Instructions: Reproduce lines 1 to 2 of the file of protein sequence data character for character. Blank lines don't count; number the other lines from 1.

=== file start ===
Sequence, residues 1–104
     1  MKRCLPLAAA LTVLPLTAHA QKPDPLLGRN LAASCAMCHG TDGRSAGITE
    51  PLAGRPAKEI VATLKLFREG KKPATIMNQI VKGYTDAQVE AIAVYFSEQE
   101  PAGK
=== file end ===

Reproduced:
Sequence, residues 1–104
     1  MKRCLPLAAA LTVLPLTAHA QKPDPLLGRN LAASCAMCHG TDGRSAGITE